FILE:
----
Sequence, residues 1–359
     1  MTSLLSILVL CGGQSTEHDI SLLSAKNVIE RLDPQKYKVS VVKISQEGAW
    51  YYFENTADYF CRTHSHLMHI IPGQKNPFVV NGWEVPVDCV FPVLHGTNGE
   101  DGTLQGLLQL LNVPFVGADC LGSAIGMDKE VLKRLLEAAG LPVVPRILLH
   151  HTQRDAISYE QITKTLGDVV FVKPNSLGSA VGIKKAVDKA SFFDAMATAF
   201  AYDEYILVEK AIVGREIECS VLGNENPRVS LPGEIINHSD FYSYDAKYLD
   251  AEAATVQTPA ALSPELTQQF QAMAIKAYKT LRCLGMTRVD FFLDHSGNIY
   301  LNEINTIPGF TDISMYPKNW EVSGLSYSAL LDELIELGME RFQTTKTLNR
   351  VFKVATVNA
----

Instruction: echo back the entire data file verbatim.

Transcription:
Sequence, residues 1–359
     1  MTSLLSILVL CGGQSTEHDI SLLSAKNVIE RLDPQKYKVS VVKISQEGAW
    51  YYFENTADYF CRTHSHLMHI IPGQKNPFVV NGWEVPVDCV FPVLHGTNGE
   101  DGTLQGLLQL LNVPFVGADC LGSAIGMDKE VLKRLLEAAG LPVVPRILLH
   151  HTQRDAISYE QITKTLGDVV FVKPNSLGSA VGIKKAVDKA SFFDAMATAF
   201  AYDEYILVEK AIVGREIECS VLGNENPRVS LPGEIINHSD FYSYDAKYLD
   251  AEAATVQTPA ALSPELTQQF QAMAIKAYKT LRCLGMTRVD FFLDHSGNIY
   301  LNEINTIPGF TDISMYPKNW EVSGLSYSAL LDELIELGME RFQTTKTLNR
   351  VFKVATVNA